Subscribe by Email

Your email:

Trades Hub

Alltop, confirmation that we kick ass

Browse by Tag

Construction Risk Blog

Current Articles | RSS Feed RSS Feed

Should Connecticut Contractors pay medical only claims out of pocket?


Still paying small medical only Workers' Comp claims? You could be wasting your construction firm's hard-earned money!

Years ago, you were advised to pay your small medical only Connecticut Workers' Compensation injuries. This idea, and potential savings changed in 1998 when significant changes were made to NCCI's calculation process of the Experience Mod. One major one was that the total amount incurred on medical only claims would be reduced by 70% when entered into your mod calculation! So, if these claims only go into your calculation at 30% of the dollars incurred, why are you still paying the bills?

Simply put, if you have an injured worker who incurs a $500.00 bill at the local occupational health clinic, you are billed and would pay the full $500.00. That same bill, if processed through your insurance carrier, would be reduced by the fee schedules agreed upon between the carriers and the providers and would probably end up being $350.00. When that claim is entered into your mod calculation it is included at $105.00 (reduced by 70%). So you would have paid $500 for a claim that would be included in your mod at $105.00! Where's your savings?

The dollars you are spending on paying the small medical only claims would be much more beneficial if you invested them in ways that truly would help reduce your experience mod and save you premium dollars. Invest them in training, additional safety measures, create modified duty programs for injured construction workers with restrictions and get them back to work. 

Are you one of the many Connecticut contractors with workers compensation issues?  Don't hesitate to call the contractor insurance experts at Construction Risk Advisors.  Whether your question is as easy as "how should I pay this claim?" or as complicated as figuring out if your payroll was calculated correctly for that Contractor Controlled Insurance Program you were enrolled in, we have the answers and expertise to get you back on track!

Connecticut Employers: Workers Compensation & Modified Duty --Worthwhile or a Waste of Time?


We've all heard of it - light duty, modified duty, restricted duty, and transitional duty. Regardless of what you call it, you have an injured worker who can't do their regular job and the claim adjuster is asking you to bring them back to work!

Employers and HR personnel struggle with this daily, and it seems construction companies usually have the most difficulty in developing jobs within the worker's restrictions. So should you even bother to try? The answer is absolutely Yes!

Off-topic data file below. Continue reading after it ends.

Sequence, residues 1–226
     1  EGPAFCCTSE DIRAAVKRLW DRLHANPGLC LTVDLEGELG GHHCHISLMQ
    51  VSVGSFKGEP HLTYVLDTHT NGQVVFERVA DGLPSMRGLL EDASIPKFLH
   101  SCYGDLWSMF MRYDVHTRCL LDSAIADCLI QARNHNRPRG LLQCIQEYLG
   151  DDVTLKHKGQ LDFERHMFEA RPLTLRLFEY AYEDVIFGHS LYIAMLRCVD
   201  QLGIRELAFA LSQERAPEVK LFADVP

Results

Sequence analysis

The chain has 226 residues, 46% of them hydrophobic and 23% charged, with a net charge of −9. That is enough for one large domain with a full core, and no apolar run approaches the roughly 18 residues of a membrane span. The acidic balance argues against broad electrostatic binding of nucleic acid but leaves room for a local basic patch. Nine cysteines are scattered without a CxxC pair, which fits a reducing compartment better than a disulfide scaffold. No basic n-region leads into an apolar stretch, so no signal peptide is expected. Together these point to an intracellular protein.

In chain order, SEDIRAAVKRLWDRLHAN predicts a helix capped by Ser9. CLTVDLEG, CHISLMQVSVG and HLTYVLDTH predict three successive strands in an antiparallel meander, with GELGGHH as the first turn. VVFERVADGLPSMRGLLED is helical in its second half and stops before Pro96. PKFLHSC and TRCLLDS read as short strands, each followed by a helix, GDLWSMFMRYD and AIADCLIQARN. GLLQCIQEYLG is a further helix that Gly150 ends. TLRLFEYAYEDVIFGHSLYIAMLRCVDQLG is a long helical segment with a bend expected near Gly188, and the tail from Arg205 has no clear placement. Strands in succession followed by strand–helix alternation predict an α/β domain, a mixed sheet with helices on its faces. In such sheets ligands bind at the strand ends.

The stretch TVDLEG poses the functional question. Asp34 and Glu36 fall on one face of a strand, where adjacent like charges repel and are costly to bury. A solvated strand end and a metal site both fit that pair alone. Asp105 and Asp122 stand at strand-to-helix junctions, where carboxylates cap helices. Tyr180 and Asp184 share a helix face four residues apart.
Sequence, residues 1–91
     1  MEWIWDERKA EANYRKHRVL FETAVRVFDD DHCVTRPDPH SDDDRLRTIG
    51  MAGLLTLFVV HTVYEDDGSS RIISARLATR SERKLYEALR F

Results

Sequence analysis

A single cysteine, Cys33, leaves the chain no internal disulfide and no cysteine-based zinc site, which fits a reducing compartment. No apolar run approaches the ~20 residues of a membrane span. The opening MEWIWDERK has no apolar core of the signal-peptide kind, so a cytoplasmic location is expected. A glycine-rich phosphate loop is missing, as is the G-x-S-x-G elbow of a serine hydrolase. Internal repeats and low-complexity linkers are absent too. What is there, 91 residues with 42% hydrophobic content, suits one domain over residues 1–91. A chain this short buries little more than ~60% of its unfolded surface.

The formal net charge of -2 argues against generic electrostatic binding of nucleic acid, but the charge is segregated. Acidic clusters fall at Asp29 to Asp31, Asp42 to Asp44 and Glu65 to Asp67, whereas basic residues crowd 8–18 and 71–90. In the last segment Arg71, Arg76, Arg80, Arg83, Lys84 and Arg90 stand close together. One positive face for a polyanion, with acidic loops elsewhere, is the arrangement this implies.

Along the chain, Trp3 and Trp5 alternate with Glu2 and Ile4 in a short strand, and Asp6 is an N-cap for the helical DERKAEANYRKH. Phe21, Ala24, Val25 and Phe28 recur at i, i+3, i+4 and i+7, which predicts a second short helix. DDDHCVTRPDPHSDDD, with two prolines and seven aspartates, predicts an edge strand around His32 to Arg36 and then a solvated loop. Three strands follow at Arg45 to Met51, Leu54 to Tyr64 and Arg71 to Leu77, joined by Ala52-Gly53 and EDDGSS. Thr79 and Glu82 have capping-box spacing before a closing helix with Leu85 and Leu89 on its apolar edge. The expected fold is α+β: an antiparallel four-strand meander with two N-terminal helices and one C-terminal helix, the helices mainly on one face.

First and foremost it has been proven that keeping an injured construction worker in their normal routine (getting up, going to work, etc) helps in the recovery process. Next is the fact that by providing modified duty work you are sending the message to employees that having a work related injury does not automatically result in time off from the job. Finally, by bringing the injured worker back it is helping to reduce the claim costs and thus have a more positive effect on your experience mod.

It's a good idea to have pre-developed modified duties or jobs. We all have things we would like to accomplish, if we only had some extra time. Start keeping a running list of these and you have started your modified duty list!

So the next time the adjuster asks if you have modified duty available, don't sigh and roll your eyes - pull out your list, say yes and get that employee back to work!


Need help developing a Return to Work program for your construction firm?  We can help!  There are other options than just having your injured worker counting paperclips and shredding paper. Get in touch with one of the Construction Risk Advisors and we can guide you as well as help prevent the injury in the first place!

How to Ruin Your Construction Company’s Safety Reputation Overnight


Would Massey Energy have lost twenty-nine workers in a mining accident on April 5th if safety training was a strong cultural value? Would Toyota have recalled 2.3 million vehicles in January of 2010 if safety was of paramount concern in the design of their cars?

I think the answer to both these questions is, "No". These companies were not focused on safety and it cost people their lives.

Google either one of these safety disasters and you'll get tired of hitting the "Next" button after the 10th page. In the short run, and maybe forever, both these companies have seriously tarnished their image. The public thinks company profit was more important than human lives. Who wants to be known for that?

Connecticut Contractors of all types are involved in dangerous work every day. If there was an unfortunate disaster on one of your jobsites, would your safety training practices stand up to the scrutiny of the press? How much would your reputation suffer? How long would you be on OSHA's "hit list"? How well would you be able to document your company's safety practices?

Unfortunately, many Connecticut construction firms don't consider safety training in their strategic plans. Nor do they consider the safety training capabilities of the insurance agent or insurance company they choose each year. Far too often the focus is on price and risk management is ignored.

Who is protecting your company's reputation? Risk management is not about buying cheap insurance. If you have an insurance agent whose only focus is selling you cheap insurance, you've hired the wrong one. Don't wait to see your name in the paper before getting a risk advisor who helps make safety your highest priority.

All Posts